Very interesting and impressive to see that even even this maintenance of the coffee tree is mechanized in Brazil. I Am hoping you can add to my understanding of coffee production in Brazil. I understand that this pruning
Is an integral part of coffee farming in Brazil. Yet in Central America we donít talk of a biennial year to have the same importance. My question is if no pruning was done what would be the natural level of reduction in production. We talk about a normal reduction of 15% in an off year with usual pruning if producers just left the trees to go about their production naturally what would be the expected reduction in production as the tree renewed its energy naturally. Just want to understand if the biennial in Brazil is in large part caused by efficient farming practice.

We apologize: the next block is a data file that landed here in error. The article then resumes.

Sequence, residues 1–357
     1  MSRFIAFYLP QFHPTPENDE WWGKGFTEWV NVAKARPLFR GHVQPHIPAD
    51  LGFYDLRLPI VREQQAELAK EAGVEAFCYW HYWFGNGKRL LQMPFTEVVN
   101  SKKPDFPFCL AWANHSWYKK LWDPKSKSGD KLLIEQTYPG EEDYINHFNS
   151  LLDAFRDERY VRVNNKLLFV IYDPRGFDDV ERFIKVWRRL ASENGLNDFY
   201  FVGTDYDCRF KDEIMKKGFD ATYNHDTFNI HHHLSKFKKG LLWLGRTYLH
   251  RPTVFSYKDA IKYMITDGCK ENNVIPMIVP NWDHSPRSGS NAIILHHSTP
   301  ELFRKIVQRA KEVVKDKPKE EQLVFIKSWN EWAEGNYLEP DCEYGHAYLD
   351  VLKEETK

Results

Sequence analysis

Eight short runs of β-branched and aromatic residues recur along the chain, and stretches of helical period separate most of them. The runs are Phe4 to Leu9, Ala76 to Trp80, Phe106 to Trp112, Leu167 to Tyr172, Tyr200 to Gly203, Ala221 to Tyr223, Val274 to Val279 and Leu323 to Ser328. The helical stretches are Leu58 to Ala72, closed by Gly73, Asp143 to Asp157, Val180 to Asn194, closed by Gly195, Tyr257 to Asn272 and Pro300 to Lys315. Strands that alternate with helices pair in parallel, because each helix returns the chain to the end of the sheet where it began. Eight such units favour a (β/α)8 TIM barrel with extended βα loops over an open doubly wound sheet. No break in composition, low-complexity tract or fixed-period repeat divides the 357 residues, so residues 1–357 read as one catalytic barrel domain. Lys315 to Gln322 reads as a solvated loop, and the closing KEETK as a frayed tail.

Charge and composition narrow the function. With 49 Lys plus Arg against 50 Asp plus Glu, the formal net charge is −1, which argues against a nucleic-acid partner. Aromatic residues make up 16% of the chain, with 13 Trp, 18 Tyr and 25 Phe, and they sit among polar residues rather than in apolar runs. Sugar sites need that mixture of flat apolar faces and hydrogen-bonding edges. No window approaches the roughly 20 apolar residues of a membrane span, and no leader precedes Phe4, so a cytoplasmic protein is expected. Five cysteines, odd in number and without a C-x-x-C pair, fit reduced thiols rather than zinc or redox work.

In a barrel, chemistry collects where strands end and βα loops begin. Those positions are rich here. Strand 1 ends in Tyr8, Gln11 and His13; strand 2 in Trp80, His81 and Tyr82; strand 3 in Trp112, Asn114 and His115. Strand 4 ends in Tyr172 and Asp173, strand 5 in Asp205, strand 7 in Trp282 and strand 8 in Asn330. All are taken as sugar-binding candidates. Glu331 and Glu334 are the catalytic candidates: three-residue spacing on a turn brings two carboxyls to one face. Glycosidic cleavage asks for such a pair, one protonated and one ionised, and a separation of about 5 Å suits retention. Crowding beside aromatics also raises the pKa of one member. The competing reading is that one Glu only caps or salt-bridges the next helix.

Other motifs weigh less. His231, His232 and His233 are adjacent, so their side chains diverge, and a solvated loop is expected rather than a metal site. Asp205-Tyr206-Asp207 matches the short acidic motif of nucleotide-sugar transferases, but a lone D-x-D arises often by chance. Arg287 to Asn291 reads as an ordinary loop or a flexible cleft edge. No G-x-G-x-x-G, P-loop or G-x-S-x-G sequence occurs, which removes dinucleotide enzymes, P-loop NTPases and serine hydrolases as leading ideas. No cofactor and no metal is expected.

We can almost all agree that this has not been the best start to a coffee season. It seems that the crop has suffered from an agronomist point of view some of the worst conditions pre and post flowering. Am I correct in stating that no visible evidence even to a trained eye exists to support a reduced crop at this time In other words while the conditions that we have gone through would strongly suggest a reduction in production we cannot determine how many flowers progressed to pods. So the case for coffee production can still be argued from both sides as we still lack concrete evidence. At what point in time in your experience will you be able to measure the results of the flowering. Are we still 40 days away from when we can collect such evidence or is the timeline much shorter?
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